Festival one: Weinfest: an annual event in the village in the Black Forest. celebrating the wine they make. A long weekend of fun and entertainment. It feels like everyone from the village goes, and there seems to be an agreed format for all the weinfests we’ve been to in different villages and wine producers we’ve been to (a lot, over the years). Weekends in the summer means a fest somewhere around – just follow the sound of music, and the smell of sausages cooking).
There are the standard-issue trestle tables and benches (we’ve seen the same ones in Denmark too, quite different from those we have here in England).
There are the kiosks selling local wine (and soft drinks – but definitely not beer, unless of course you’re at a bierfest). There is the food – lots of meat (mainly pork), around here plenty of flammenkuchen, always cake.
There’s the music – this time it was a band playing covers, a local brass and wind band (excellent), and various others scheduled when we weren’t around. There was dancing too. Last year we heard several choirs singing, plus other local bands. All intended to appeal to all ages and fairly conservative tastes.
But most important of all is the conviviality. Lots and lots of people, of all ages. In this village the wine is important to everyone, regardless of whether they actually work in anything connected to it – it underpins the whole local economy: the tourism, the viability of the local shops, cafes, and other businesses, employment in the vineyards and wine-makers. So celebrating the wine is a celebration all can contribute to. People sitting and eating and drinking together. People meeting and greeting friends and family. People dancing. Enjoying the entertainment.
There is an informal formality to it all – most people make an effort to dress up a bit for the occasion, it follows a clear and familiar pattern, everyone knows just what to expect and how to behave. It reinforces what everyone knows about the village and their neighbours. And beyond it all, there are the vineyards all around.
Festival two: another annual event, this time in St Werbugh’s in Bristol. The City Farm Fair. An afternoon and evening of anarchic fun. A lovely fundraiser for this local under-funded wonderful place, in an eclectic green (and Green) oasis not far from the city centre.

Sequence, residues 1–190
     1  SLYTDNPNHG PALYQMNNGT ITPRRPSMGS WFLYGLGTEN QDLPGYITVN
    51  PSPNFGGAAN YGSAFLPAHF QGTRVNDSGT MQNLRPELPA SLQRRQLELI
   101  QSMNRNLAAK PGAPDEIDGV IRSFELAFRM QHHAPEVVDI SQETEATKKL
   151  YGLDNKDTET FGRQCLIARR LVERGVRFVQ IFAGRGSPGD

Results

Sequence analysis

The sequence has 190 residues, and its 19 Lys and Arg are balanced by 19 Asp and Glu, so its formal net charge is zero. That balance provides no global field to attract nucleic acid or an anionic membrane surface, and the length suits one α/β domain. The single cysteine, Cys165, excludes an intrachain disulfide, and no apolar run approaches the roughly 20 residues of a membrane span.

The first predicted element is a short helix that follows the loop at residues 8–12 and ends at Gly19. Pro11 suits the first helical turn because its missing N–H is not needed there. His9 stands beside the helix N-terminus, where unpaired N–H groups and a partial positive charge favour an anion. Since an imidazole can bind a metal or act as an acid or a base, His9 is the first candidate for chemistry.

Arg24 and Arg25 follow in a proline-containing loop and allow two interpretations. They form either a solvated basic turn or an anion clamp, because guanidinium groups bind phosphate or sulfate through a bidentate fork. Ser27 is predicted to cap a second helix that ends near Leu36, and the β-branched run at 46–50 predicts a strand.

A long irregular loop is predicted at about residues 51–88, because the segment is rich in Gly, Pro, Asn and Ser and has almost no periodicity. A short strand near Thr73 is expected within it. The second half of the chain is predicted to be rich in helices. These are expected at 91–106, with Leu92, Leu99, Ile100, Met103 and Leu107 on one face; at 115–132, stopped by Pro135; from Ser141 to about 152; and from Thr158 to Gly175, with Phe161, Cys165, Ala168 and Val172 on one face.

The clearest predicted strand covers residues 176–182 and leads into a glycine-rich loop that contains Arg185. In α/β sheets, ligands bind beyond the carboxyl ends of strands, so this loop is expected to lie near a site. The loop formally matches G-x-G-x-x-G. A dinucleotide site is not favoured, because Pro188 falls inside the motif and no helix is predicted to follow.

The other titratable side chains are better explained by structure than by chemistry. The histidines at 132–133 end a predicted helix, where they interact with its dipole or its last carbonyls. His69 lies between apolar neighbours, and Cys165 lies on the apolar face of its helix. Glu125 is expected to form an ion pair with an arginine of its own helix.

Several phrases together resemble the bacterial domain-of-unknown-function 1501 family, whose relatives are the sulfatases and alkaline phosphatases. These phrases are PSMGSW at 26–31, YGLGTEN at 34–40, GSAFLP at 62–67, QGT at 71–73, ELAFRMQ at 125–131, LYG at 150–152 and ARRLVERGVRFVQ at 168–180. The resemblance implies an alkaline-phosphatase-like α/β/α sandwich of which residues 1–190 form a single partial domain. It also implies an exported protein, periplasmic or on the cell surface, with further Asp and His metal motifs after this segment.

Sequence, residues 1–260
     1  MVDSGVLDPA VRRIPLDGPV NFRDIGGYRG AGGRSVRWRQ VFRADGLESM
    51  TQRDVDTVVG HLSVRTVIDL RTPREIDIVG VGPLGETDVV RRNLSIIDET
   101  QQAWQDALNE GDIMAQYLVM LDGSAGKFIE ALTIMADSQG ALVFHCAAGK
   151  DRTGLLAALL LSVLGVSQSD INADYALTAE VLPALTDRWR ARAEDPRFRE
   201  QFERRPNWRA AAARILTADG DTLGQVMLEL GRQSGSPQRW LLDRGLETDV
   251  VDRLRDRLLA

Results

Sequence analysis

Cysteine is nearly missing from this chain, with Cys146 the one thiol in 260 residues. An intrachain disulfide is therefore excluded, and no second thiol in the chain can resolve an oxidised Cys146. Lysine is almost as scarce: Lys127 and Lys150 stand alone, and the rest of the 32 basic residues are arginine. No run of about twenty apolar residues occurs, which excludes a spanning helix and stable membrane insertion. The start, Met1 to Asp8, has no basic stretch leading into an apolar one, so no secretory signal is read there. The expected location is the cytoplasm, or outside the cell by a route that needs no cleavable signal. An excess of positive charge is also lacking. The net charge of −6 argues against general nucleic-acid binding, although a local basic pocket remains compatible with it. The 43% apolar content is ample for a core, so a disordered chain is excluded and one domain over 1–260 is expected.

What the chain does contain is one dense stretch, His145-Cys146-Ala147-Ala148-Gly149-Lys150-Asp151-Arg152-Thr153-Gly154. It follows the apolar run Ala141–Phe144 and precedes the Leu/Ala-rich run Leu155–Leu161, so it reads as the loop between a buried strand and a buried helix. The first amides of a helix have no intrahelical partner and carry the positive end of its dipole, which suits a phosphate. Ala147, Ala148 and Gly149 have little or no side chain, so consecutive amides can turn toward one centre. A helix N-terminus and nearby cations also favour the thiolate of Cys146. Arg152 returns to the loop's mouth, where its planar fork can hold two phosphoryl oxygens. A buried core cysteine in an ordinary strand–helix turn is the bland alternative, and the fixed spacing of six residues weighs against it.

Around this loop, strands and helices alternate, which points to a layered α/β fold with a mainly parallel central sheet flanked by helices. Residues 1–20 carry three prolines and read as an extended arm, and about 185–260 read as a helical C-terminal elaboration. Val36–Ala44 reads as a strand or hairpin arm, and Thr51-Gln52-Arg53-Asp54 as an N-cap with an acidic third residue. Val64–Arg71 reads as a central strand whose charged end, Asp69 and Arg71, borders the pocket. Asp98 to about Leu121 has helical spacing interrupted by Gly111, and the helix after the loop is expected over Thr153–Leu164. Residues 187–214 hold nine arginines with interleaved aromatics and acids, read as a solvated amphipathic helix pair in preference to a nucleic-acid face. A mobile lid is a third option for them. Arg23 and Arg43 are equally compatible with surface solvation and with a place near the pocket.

Several stages, some large, some small, each with different local bands and music. A roving Samba band and dancers. Food stalls, a pop-up calzone restaurant, DIY pizza baking in a wood-fired oven. Home made cakes, plenty of beer, cider, and soft drinks. People of all ages and types. Visible diversity of every kind.
Another celebration of place and culture, and so very different from the weinfest. Here part of the joy of the event is not knowing what to expect (beyond having fun), of being surprised and delighted. Of unexpectedly meeting friends and acquaintances.
We went as a big family group (both of us, both sons and their partners, Bristolian nephew and his wife visiting from Australia, brother-in-law and sister-in-law). After a bit we split and did our own things, bumping into each other at different points along the way.
We older generation had lunch together in a pop-up cafe on the veranda of a house I’ve admired for decades (a converted water mill), only to find that the young man running it was in the same class as oldest son at the local nursery school (about 25 years ago…). I reminisced that the whole class had come along to his home to see their hens and ducks in the back garden, and I was a parent helper.
Tucked away so close to the city centre, there’s a lovely City Farm here (which was a big part of our lives while sons were growing up), where oldest son had played with nephew and niece when they were all little, where we still go regularly, and where youngest son and his wife now ‘hang out’ and meet up with their friends. It helps that there’s a lovely cafe, and a great pub next door. There are hillsides covered with allotments, with paths running through up the hills. There is a small enclave of beautiful and original self-build houses. The other side of the railway tunnel there’s even a (separate) small-holding where they have some livestock and a very productive polytunnel.
A completely different feel to the day, but equally enjoyable, and just as convivial. How wonderful to have two such contrasting community events on two consecutive weekends.